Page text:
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Study: When You Shut Down a Dispensary, the Neighborhood Goes to Pot [UPDATED]

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A new study shows that shutting down pot dispensaries could actually increase crime in neighborhoods — a finding that flies in the face of conventional wisdom.

Local politicians have wrestled with the proliferation of pot clinics throughout the county and created laws to limit them, arguing that dispensaries are magnets for crime.

But the RAND Corporation, a nonpartisan think tank based in Santa Monica, pokes holes in that argument [Update: Not so fast! The think tank later retracted its study]. It found that when dispensaries were shut down, reported crime actually increased 60 percent. The study looked at crime reports in a 3-block radius in the 10 days before many city clinics were shut down on June 7, 2010 and in the 10 days after the clinics were shut down. It compared the crime reports of clinics that remained open to those that shuttered.

"If medical marijuana dispensaries are causing crime, then there should be a drop in crime when they close," Mireille Jacobson, the study's lead author and a senior economist at RAND, told The Los Angeles Daily News. "Individual dispensaries may attract crime or create a neighborhood nuisance, but we found no evidence that medical marijuana dispensaries in general cause crime to rise."

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Jacobson has a couple of theories about why crime shot up: the loss of foot traffic, a resurgence in illegal drug activity or a loss of security provided by dispensaries. But local law enforcement are taking the study with a grain of salt.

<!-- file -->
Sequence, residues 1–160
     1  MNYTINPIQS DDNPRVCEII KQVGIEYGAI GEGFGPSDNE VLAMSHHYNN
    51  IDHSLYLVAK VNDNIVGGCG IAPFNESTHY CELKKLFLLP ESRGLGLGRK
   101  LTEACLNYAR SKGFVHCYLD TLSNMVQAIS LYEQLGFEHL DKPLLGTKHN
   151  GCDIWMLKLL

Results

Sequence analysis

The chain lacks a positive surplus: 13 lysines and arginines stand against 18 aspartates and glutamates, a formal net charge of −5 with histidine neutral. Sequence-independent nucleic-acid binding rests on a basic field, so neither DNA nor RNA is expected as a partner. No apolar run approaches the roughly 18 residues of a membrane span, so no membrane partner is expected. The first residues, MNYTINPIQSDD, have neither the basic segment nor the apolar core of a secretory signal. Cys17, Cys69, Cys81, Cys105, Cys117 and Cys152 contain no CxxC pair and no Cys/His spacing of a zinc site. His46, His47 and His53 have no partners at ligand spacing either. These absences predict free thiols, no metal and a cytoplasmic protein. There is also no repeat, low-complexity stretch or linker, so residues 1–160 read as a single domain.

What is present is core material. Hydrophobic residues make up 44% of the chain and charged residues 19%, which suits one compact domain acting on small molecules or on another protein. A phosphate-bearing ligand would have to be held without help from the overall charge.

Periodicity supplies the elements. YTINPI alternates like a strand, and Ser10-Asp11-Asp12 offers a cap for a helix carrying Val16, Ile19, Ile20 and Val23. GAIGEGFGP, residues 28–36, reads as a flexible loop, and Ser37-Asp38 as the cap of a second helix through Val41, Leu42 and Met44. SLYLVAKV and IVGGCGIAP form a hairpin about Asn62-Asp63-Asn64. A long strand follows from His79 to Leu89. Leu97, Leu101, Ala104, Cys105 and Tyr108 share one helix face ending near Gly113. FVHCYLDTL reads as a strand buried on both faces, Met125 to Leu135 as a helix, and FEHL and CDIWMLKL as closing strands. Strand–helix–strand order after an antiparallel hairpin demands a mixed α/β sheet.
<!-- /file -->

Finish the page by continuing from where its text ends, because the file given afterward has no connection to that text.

"(Dispensaries) are a center for crime," Detective Robert Holcomb of LAPD's Narcotics Enforcement Detail in the San Fernando Valley told The Daily News. "Look at it from a criminal standpoint: Here is a location that you know contains narcotics, money so what better location to rob?"

The City Attorney's office took issue with the study methodology: new pot shops could have popped up nearby during the study or the shops could have been already been closed before the study began. The dispensaries themselves could have accounted for the spike in crime, spokesman Frank Mateljan suggested. Disgruntled clientele, fire sales to get rid of the remaining wares and in-fighting between collective members could have caused the crime.

Jacobson admitted that a 21-day study only offers up preliminary findings. A longer, more comprehensive study would help inform legislation on how to regulate medical marijuana.